Celebrate MLK Day, Art of Alzheimer's and Nordic film: your weekend list

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Photo by Flickr User InSapphoWeTrust

MLK Jr. Day Open House *

There are a whole host of events in Seattle to celebrate Martin Luther King Day, but this one at the Northwest African American Museum (NAAM) allows you to experience what really makes this day special. There will be various civil rights films, including Dr. King's iconic "I Have a Dream" speech. Then, explore the many exhibits throughout the museum that showcase stories of activists who have triumphed in the face of adversity while advocating for peace and social justice. Ongoing exhibits include "The Harom & Harriet Kelley Collection of African American Art: Works on Paper" and "The Atomic Frontier: Black Life in Hanford, WA," the story of African Americans working on the Manhattan project in Eastern Washington. At noon, kids can enjoy a special storytelling hour by Seattle actress and storyteller Eva Abram and arts and crafts.

If you go: MLK Jr. Day Open House, NAAM, 11 a.m. Jan. 18 (Admission by donation)—C.R.

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Marcus Green at the Crosscut Courage Awards

Seattle Colleges Celebration of MLK *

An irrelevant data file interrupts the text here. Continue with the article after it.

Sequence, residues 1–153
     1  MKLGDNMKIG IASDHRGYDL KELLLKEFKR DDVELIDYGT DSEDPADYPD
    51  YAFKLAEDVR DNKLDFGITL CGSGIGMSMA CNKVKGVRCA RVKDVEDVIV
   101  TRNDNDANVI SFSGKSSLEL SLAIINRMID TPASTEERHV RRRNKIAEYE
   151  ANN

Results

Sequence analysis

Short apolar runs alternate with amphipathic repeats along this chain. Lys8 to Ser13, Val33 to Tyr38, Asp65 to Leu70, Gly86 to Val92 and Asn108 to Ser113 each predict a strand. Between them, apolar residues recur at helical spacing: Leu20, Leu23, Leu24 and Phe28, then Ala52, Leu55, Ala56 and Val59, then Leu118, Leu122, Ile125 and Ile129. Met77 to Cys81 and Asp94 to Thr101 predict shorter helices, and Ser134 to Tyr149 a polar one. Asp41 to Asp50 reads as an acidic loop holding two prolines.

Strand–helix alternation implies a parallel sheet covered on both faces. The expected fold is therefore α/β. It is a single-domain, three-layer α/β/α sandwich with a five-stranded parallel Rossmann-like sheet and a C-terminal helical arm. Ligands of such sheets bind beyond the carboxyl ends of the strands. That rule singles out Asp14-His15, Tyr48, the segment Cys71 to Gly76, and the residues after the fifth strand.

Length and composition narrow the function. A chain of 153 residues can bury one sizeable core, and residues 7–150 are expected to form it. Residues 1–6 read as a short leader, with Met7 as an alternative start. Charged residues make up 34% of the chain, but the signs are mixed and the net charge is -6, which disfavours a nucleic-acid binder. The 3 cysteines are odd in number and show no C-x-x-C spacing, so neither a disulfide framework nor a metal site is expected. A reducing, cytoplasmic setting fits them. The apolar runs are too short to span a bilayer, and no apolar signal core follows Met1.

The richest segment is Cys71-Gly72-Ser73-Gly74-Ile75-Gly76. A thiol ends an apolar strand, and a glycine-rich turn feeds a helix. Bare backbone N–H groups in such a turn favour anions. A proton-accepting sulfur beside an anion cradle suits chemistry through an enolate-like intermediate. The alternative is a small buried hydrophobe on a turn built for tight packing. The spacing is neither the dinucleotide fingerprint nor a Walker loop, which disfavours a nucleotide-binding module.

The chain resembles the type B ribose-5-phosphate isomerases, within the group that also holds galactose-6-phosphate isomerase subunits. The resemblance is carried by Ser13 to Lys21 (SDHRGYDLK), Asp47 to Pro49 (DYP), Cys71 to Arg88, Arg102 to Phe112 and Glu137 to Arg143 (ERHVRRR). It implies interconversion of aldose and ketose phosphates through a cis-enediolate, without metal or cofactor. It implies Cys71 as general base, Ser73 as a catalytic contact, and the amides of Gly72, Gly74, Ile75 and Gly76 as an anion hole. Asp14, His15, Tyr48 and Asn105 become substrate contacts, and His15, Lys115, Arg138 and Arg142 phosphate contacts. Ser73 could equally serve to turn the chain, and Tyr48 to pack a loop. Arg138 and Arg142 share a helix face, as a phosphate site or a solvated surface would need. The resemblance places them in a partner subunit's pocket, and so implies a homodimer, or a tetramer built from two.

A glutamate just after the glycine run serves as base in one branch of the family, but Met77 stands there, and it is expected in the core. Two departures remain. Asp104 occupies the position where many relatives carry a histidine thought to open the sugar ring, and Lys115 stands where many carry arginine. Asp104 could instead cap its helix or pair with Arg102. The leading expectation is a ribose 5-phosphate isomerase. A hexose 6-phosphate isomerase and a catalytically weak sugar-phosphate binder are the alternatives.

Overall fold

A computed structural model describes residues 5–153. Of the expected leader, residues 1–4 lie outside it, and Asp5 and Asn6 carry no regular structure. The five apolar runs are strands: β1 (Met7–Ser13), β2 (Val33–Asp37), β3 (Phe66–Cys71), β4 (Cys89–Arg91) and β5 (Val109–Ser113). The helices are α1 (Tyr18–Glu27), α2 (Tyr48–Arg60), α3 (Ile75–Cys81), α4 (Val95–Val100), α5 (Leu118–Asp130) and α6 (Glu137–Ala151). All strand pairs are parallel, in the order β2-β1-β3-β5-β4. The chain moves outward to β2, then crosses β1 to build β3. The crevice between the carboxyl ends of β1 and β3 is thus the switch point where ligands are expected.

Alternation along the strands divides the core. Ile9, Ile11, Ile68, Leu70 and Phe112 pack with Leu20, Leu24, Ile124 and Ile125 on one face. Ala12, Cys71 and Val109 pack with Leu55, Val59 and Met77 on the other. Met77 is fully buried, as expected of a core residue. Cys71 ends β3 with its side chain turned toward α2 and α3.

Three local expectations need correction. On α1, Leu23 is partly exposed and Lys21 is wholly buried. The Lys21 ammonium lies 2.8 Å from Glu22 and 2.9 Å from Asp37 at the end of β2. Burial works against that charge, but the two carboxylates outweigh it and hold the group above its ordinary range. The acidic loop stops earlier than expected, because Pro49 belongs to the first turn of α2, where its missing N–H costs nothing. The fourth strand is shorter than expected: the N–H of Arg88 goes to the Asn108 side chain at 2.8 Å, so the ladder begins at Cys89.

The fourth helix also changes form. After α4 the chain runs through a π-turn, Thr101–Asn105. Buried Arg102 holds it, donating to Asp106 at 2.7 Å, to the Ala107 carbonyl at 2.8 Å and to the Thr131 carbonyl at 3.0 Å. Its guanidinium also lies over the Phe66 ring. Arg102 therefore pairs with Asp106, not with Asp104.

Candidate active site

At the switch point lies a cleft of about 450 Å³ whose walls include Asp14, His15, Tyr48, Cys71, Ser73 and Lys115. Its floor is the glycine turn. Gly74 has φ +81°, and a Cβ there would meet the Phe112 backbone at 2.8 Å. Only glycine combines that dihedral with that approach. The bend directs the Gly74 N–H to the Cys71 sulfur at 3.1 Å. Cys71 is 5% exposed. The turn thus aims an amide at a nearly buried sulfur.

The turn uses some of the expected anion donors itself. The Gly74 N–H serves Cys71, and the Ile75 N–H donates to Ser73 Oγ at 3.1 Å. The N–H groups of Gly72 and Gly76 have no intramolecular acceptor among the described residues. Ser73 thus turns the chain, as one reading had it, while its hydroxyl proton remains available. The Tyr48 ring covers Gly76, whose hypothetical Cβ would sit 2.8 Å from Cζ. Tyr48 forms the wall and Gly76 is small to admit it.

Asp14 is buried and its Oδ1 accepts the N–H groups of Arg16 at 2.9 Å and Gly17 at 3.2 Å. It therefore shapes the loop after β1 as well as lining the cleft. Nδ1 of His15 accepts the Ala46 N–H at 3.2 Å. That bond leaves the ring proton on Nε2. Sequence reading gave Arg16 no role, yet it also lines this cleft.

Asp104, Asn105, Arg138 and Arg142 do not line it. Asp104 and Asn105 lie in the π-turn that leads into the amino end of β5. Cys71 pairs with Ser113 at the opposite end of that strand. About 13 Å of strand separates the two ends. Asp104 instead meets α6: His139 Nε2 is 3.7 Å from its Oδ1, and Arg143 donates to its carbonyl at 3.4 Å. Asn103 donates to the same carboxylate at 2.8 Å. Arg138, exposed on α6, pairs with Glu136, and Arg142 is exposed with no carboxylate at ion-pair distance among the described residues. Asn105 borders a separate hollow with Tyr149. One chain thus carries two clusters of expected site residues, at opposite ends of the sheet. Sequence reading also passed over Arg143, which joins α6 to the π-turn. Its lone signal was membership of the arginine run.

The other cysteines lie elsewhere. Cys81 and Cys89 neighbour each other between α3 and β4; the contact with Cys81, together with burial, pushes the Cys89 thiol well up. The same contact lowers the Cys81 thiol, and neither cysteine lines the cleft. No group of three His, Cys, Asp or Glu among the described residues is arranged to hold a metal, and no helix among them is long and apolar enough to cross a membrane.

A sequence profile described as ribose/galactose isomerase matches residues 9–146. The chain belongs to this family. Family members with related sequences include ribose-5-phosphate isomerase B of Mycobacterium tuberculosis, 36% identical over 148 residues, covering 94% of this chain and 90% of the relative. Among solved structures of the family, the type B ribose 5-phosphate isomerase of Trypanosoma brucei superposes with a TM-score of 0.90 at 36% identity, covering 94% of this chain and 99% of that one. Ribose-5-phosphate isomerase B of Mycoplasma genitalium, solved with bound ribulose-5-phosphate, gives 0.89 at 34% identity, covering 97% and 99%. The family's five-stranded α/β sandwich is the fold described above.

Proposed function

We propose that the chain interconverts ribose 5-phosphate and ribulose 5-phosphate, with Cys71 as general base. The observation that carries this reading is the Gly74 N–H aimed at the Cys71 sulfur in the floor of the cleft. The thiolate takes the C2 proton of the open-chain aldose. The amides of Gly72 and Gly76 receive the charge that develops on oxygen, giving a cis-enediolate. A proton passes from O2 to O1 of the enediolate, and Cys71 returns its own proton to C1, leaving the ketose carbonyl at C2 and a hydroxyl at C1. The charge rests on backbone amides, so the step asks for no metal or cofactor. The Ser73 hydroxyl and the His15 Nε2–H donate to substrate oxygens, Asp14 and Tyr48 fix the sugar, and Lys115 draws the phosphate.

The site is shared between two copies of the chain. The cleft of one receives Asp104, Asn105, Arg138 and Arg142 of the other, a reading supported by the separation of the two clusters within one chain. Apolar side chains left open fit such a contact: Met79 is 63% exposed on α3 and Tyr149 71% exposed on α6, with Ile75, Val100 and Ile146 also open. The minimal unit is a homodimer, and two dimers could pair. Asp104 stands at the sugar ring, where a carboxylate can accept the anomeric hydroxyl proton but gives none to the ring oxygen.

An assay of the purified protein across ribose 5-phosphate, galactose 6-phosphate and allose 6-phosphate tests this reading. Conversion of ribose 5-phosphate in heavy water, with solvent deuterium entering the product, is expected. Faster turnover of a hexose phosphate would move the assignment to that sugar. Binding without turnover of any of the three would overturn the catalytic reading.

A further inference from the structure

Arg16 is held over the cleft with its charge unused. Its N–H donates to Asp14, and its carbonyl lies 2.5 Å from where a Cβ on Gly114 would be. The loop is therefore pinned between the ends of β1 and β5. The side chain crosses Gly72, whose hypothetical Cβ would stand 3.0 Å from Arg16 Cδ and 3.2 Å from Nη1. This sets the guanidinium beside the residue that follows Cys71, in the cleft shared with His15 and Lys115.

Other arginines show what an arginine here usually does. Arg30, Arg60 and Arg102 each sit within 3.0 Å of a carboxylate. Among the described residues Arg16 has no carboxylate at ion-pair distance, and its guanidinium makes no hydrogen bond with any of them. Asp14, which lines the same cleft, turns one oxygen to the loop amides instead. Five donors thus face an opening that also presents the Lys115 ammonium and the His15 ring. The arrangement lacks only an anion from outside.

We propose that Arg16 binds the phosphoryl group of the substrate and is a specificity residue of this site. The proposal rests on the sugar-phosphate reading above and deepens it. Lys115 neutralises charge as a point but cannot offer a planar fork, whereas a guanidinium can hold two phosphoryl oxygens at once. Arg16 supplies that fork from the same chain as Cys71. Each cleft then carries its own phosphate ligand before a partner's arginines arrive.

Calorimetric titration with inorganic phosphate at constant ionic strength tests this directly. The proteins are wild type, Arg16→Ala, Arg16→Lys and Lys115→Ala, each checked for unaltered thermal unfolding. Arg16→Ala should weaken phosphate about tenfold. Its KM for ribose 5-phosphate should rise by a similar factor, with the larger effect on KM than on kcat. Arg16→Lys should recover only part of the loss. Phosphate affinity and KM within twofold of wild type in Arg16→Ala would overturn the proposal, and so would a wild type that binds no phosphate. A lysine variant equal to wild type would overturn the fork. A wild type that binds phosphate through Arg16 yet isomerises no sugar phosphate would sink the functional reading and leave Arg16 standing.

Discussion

You're not going to want to miss this event. The 43rd annual community celebration will kick off a weekend of events to celebrate Martin Luther King Jr. and his legacy. In King's final speech, I've Been to the Mountaintop, he said "I may not get there with you, But I want you to know tonight, that we, as a people, will get to the promised land." This event promises to focus on questions like "Are we there yet?", "What does 'there' look like?" for our community and "What can I/we do to get there?" What I'm looking forward to most is the speaker, Marcus Green, Executive Director of the South Seattle Emerald and Crosscut's Courage Award winner. His sermon on race at the Westside Unitarian Universalist Congregation changed the way I think, and this speech on Friday is sure to get you thinking too. With that, I'll say it again: don't miss this event!

If you go: Seattle Colleges Celebration of MLK, Mount Zion Baptist Church, 12 p.m. Jan. 15 (Free)—C.R.

Labyrinth *

If you’re still searching for yet one more way to celebrate the legendary David Bowie, here you go: a free screening of Labyrinth playing on the exquisite and humongous EMP Sky Church screen. The cult film features Bowie (mullet wig and all) as the weirdly captivating Goblin King in a story about a teenaged girl trying to solve a labyrinth and rescue her younger brother. The Jim Henson film boasts all sorts of crazy puppet wizardry; the director reportedly initially envisioned a puppet as the Goblin King until he decided he needed someone with the charisma that only Bowie could deliver. Part children’s story, part glam-rock musical; feels fitting to be able to pay tribute to Bowie at the most glam-rock structure in town.

https://www.youtube.com/watch?v=ViftZTfRSt8

If you go: Labyrinth, EMP Museum, 7:30 p.m. Jan. 15 (Free with RSVP)—F.D.

Nordic Lights Film Festival *